I didn’t travel across the planet to get yelled at by strangers

I’ve been in America for almost a month now, spending time in Eugene where my sister lives, travelling around Oregon with my family, visiting New York and exploring New Orleans.

The west coast has been amazing, stunning scenery, fresh air, good food and really nice people. The east coast, not so much.

New York was a giant clusterfuck in my opinion. It was loud and smelly and actually trashy, something I never saw on Sex and the City. That said, Brooklyn does live up to its hype. While it’s painfully overpriced, it is a lovely place to be in.


On my last day in the city, Sash and I met up with a friend just after lunch and we headed towards the subway together. As I turned my body to walk down the underpass, a medium height white man walked straight into Sash and me, not bothering to step aside or apologise. His body walked straight into Sash and me.

The first and only other time this happened to me was on a broad sidewalk in Melbourne when a tall white male walked into both Sash and me, despite there only being three of us. When I say walk into me, I really mean hit me as hard as he could with his giant shoulder.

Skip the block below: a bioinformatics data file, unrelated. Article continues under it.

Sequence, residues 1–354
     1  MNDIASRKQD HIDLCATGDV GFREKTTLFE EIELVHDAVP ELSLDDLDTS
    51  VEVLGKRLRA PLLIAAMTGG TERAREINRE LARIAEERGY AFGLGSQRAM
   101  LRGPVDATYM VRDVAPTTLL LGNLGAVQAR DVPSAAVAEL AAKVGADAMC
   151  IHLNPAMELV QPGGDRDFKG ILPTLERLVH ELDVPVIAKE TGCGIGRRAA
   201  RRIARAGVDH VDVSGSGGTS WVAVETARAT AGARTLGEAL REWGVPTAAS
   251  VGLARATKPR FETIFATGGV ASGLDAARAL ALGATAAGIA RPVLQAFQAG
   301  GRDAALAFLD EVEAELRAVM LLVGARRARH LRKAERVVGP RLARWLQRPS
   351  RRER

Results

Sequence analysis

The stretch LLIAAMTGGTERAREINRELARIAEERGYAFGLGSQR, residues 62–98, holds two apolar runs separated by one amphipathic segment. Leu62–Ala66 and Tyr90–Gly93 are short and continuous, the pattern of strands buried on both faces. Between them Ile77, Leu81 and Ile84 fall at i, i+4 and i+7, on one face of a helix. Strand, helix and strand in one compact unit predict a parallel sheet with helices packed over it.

In shock and rage, I yelled out to no one in particular,

“Well, you’re a fucking asshole aren’t you?”

then carried on my way. Immediately, I heard him yell “What did you say to me? Say it to my face!” as runs back, looking for me.

In a split second, I decided to face the man rather than disappear into the crowded subway. I decided to turn around and tell him that he’s an asshole.

“Say it to my face! Say it!”

“You’re an asshole!”

He’s really close to me, he could hit me.

“Say it to my face! Say it again!”

“You’re an asshole!”

He could really hit me.

“What did you say to me? Say it to my face!”

“You’re an asshole!”

God, how will this end?

Two ladies from heaven stopped in their tracks and one told him in the sternest voice, like that of the strictest, no BS teacher you’ve ever met, to “leave her alone and walk away”. And he did. Like that, the incredibly tense situation dissipated and people continued with their days like nothing happened.

It dawned on us later on that he knew who he had walked into since he knew to come straight for me when I had yelled out the first time.


New Orleans was lovely. Bustling, noisy with music of all sorts, humid, hot, exciting. I loved the hostel we stayed in and found people to explore Frenchmen Street with every evening.

On our second night out, a Sunday night, Sash and I wanted to check out some music venues along the street. It was fantastic. Streetside performers blaring out tunes, poets for hire who would write about anything, happy drunk people dancing.

As we exited the last bar and started walking home, we heard

“Move aside you Chinese motherfuckers, this is Frenchmen Street.”